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Atlas, a humanoid robot from Boston Dynamics, retires| GuyWhoKnowsThings


Atlas, the humanoid robot that dazzled fans for more than a decade with its outdoor runs, awkward dances and backwards stunts, has gone dark. In other words, he is retiring.

On Wednesday, Boston Dynamics, the company that created it, announced the arrival of the next generation of humanoid robots: an all-electric robot (also called Atlas) for real-world commercial and industrial applications.

For anyone worried about what would happen to the bipedal hydraulic machine (a robot house? a junkyard? a storefront?) that was created for research purposes, the company had an answer. A spokesman, Nikolas Noel, said retirement would mean Atlas would be moved to its “robot retirement home,” meaning it would be “in the museum in the lobby of our office” with other decommissioned robots.

The old Atlas was used to research whole-body mobility and explore what was possible in robotics, Noel said. It was not designed for commercial use and was first developed as part of a competition to promote the use of robots “in future natural and man-made disasters.” according to the Defense Advanced Research Projects Agency from the Pentagon.

“For nearly a decade, Atlas has sparked our imaginations, inspired the next generations of roboticists, and broken technical barriers in the field,” Boston Dynamics he said in a farewell video posted on social media on Tuesday.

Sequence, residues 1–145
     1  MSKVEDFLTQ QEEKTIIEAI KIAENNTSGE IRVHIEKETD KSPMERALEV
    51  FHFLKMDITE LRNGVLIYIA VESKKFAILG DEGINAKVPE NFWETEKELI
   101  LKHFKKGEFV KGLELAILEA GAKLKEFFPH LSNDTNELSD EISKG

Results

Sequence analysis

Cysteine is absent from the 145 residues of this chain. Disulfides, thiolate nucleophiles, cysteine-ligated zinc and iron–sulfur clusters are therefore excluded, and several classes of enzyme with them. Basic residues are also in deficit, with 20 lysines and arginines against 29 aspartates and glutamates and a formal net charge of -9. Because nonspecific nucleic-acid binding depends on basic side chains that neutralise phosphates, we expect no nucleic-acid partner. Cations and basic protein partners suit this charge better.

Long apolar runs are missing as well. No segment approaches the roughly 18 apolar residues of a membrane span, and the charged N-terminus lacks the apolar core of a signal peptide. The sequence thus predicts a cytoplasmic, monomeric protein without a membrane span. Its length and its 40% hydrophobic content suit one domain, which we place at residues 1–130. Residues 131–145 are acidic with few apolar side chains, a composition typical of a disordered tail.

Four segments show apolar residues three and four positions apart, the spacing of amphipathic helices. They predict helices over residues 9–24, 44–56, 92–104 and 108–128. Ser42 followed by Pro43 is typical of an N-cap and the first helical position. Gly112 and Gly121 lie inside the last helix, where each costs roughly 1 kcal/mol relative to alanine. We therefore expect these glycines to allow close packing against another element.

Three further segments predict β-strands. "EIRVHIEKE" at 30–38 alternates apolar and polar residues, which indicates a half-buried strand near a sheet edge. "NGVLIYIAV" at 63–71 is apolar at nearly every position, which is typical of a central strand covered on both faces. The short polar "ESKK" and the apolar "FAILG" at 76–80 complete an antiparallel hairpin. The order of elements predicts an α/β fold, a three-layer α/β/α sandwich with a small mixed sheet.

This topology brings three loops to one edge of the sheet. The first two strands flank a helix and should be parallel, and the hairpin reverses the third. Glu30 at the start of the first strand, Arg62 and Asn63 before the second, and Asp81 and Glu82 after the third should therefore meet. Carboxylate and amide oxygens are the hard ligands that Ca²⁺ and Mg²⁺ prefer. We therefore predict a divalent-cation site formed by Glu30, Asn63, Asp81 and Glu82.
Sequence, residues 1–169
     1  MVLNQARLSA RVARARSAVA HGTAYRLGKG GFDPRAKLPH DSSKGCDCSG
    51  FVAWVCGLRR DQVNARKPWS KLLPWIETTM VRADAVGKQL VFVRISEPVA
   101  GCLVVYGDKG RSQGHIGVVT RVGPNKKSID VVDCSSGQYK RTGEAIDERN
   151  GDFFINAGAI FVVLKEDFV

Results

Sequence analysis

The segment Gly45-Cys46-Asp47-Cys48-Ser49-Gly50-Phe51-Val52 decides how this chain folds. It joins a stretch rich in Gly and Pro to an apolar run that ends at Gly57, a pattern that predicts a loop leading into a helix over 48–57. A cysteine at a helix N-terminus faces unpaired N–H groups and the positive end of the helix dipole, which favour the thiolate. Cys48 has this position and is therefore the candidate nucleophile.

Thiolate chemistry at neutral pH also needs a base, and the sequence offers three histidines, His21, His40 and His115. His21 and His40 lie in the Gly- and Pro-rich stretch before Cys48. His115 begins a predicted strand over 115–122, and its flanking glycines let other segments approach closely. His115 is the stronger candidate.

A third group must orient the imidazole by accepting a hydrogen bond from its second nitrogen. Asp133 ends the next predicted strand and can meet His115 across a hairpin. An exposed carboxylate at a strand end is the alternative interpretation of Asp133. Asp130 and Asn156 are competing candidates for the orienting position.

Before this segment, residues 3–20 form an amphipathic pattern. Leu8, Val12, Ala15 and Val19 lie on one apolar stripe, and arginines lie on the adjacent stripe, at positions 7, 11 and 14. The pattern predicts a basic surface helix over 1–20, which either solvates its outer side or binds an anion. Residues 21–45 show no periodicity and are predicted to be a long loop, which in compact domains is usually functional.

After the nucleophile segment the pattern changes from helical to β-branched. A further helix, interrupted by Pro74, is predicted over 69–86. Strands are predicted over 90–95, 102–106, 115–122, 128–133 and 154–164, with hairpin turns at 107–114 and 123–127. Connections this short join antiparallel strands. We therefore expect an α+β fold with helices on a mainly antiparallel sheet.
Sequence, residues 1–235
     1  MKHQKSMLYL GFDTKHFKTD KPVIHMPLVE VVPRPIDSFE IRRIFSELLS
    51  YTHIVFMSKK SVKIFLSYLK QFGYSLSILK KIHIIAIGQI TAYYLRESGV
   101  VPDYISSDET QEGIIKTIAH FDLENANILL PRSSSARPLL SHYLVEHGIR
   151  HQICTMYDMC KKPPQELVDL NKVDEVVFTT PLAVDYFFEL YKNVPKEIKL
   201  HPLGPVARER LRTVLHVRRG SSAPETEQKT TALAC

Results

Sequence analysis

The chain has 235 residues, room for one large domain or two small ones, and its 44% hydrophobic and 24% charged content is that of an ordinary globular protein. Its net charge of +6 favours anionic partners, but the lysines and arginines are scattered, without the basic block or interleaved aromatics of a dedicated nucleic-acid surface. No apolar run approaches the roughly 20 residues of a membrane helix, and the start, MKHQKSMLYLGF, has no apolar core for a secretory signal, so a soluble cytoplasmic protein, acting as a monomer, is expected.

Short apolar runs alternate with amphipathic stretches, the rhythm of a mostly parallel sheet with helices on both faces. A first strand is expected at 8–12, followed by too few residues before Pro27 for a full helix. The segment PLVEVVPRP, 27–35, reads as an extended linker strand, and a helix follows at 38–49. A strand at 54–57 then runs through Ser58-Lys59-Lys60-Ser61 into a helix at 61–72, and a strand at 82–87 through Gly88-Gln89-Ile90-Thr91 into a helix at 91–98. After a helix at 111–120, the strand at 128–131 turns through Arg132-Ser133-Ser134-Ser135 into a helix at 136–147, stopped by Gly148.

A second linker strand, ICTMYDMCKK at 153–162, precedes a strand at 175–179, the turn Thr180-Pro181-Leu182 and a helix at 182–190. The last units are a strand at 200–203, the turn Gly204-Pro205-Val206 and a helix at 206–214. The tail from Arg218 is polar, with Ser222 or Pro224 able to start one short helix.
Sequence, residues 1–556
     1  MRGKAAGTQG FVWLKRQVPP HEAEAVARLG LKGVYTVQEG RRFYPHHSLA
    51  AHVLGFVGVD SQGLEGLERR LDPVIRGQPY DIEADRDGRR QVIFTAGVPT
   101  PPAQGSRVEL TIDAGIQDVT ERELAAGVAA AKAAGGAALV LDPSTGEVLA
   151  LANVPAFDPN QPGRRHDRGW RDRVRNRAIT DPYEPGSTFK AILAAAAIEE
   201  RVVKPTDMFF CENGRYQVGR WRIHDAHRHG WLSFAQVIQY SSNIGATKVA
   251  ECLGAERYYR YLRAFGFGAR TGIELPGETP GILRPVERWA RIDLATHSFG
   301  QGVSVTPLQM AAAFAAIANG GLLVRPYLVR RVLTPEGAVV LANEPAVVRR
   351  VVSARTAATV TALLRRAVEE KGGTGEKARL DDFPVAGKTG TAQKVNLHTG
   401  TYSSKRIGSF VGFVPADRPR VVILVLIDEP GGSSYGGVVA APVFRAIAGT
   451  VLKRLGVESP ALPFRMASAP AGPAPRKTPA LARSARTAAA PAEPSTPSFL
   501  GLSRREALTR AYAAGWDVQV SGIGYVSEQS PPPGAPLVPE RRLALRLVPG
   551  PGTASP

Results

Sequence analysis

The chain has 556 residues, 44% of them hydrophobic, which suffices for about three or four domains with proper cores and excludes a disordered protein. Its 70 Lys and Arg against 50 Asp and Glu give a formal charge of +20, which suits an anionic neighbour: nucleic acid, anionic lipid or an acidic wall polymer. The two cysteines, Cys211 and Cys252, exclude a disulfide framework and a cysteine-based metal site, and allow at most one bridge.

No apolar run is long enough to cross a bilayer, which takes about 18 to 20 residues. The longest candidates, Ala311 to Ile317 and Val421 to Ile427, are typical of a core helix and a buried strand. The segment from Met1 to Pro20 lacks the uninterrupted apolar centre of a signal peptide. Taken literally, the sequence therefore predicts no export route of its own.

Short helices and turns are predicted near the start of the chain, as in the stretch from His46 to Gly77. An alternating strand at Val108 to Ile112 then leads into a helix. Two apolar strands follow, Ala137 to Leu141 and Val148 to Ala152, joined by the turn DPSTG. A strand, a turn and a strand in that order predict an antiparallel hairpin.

“Now it's time for our Atlas hydraulic robot to relax,” the company said.

The company's farewell video captured the muscular 6-foot-2 machine in action over the years. That included taking a walk through a grassy field, jumping on boxes (or picking up 10-pound boxes), walking carefully on a bed of rocks, and swinging awkwardly.

But the video also features some hiccups, including the robot's frequent stumbles, such as falling onto platforms, rolling downhill, and losing hydraulic fluid from its leg inside a lab.

The new model has a large round head that swivels completely, is slimmer and can nimbly rise from a horizontal position to a bipedal posture in seconds. His hips seem reversible, so he might be better than us at some yoga poses.

The company's business models include Spot, an agile four-legged robot, and Stretch, an elongated warehouse platform.

“The new Atlas builds on decades of research and furthers our commitment to delivering the most capable and useful mobile robots that solve today's industry's toughest challenges – with Spot, Stretch and now with Atlas,” the company wrote in a video . post presenting the new robot.

The new model will be used to build “the next generation of automobile manufacturing capabilities” with Hyundai Motor Company, which owns Boston Dynamics.

There were seven upgraded Atlases, each of which was made of aircraft-grade aluminum and titanium and weighed 330 pounds. They were then used as base models by teams competing for a $2 million prize in the challenge. But the final challenge was won by a Korean team that built a robot that could kneel and roll on wheels while performing tasks.

During its training, researchers were tough on Atlas, even throwing weights at it to see how well it responded and adapted to challenges in and out of the lab.


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